This technique can leverage data from multiple, independent sources but it does not require the owners of the data, in this case hospitals, to export or share the data. This approach protects the privacy and ownership of patient data from across the 71 institutions.

Federated learning techniques offer society new solutions to complex issues. The machines treat the datasets as stand alone, so the legal ownership still stays with the contributor. This is different to traditional ways of managing data that merge datasets together and that’s a very important difference,” Riviera said.

“Adhering to data privacy laws whilst unlocking the power of AI with vast datasets is remarkable - and whilst we need to talk about safety and regulation, at the same time, we need industries that can benefit from AI to understand what applications can do in a safe way.”

This technique is already in place among financial institutions and will play a major role for smart environments and smart cities.”

Governing technology internally: Intel processors and data protection

Intel Ponte Vecchio

Building roadmaps and having a clear set of standards in product development, not just for the protection of data but also for intellectual property, are a core part of Intel’s security and safety strategy.

Establishing advisory boards with a diverse range of stakeholders to develop these standards, whilst also learning from international standards, other AI ecosystems and anticipating regulatory requirements, is vital, says Intel.

We listen to issues around safety in AI and try to turn that into technical language when we develop our products. As well, we believe in diverse collaboration with external partners and legal consultancy for any AI project to ensure a holistic view of governance.”

Gaudi2 Board

Intel’s cutting-edge hardware can help with the various steps of an AI pipeline. For instance, Intel Xeon Scalable processors include features like Intel® Advanced Matrix Extensions (Intel® AMX) to accelerate AI workloads for both training and inference. Intel® Data Center GPU Max Series for AI training, HPC and graphics workloads or the Intel® Data Center GPU Flex Series, ideal for media processing, cloud gaming or AI visual Inference and virtual desktop infrastructure.

The Deep Learning dedicated Intel Gaudi AI Accelerator, ideal for Generative AI workload as demonstrated by the 2x Performance Leap on GPT-3 with FP8 Software adoption for Stable Diffusion - a deep learning text-to-image generator - have enormous computing power and are being used by some of the biggest creators of AI.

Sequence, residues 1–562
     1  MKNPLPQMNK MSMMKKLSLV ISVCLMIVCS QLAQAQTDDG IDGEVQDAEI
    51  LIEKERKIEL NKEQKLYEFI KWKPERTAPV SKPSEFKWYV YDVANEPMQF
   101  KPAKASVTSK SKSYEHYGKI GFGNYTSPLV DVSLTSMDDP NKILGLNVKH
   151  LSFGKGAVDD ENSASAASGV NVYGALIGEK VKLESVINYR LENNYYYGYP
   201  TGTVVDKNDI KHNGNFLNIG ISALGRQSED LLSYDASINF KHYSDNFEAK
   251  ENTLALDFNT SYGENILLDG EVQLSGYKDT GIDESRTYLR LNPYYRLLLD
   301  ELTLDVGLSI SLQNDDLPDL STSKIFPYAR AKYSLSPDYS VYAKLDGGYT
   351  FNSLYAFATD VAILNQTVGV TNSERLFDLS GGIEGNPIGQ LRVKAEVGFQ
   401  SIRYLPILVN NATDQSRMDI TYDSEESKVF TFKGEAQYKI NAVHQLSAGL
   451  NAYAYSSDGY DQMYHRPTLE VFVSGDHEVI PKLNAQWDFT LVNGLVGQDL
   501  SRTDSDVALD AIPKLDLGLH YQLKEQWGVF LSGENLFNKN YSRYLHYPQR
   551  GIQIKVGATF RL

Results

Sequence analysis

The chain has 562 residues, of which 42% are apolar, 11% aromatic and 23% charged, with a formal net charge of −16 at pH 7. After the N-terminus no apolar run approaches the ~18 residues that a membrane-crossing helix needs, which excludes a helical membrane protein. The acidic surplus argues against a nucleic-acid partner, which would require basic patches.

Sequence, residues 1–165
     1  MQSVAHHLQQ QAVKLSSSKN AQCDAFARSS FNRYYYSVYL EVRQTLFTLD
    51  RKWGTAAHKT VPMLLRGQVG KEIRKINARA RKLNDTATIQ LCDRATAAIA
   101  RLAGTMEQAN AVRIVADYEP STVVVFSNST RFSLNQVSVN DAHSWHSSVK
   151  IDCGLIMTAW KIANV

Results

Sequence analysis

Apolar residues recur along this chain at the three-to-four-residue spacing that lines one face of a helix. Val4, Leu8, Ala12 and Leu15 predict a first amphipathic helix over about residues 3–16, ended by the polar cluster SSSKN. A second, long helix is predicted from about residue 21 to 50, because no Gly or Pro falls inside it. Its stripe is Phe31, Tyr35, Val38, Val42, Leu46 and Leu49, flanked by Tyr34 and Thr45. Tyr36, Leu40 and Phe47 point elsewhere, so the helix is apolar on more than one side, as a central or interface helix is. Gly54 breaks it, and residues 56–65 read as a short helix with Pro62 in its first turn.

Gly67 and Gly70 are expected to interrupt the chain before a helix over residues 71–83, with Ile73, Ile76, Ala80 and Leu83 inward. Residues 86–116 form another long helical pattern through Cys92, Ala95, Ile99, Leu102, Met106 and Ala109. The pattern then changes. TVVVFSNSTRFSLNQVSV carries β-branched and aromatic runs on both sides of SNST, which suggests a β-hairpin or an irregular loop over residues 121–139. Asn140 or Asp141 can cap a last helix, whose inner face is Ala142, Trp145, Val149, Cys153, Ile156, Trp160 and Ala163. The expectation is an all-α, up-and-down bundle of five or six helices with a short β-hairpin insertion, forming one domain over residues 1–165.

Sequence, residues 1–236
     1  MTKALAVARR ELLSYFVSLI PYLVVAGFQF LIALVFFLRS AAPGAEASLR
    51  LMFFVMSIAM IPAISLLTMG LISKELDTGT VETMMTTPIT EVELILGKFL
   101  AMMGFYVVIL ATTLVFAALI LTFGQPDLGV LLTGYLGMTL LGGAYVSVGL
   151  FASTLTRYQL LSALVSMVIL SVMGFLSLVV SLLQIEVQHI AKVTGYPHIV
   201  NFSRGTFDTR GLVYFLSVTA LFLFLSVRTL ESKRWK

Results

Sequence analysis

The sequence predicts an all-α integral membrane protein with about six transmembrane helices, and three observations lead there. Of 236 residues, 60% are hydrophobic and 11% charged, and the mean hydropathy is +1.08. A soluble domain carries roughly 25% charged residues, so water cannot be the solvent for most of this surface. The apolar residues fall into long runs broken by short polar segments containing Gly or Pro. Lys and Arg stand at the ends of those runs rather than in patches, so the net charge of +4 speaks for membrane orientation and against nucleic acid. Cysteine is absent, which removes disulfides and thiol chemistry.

As more high-profile companies deploy Intel processors for AI, verifying and protecting the data’s integrity, confidentiality and authenticity becomes as critical as the technical capabilities of the processors.

We think about how to protect the data being processed by AI and this includes threats to the most sensitive data - which have become increasingly advanced - creating risks for companies, government organisations, and cloud providers.”

“Ensuring hardware and software-based security solutions are built in at every stage for cloud and enterprise environments is critical because everyone in the value chain is responsible for equitable use of AI.”

Intel Emerald

Global collaboration on building AI for good

As artificial intelligence continues to impact all industries around the world, the need to collaborate and agree on risk factors and ways to manage those risks will only grow.

However, the call to develop more use cases and applications that benefit all levels of society economically and socially is just as important. This is the case for leaders in AI technology such as the US, Europe and China but also across developing nations in Africa and Latin America.

“There are endless possibilities for AI. It’s about responsible innovation and building the right regulation at each step. Transparency is really important and I think the key players such as governments, think tanks, industry - that understand that.”

The more examples of AI for good that are out there and deployed in a safe and secure way, the more we will see industry - not just large companies, but SMEs and civil society, really make the most of this and create a future that we all want to live in.”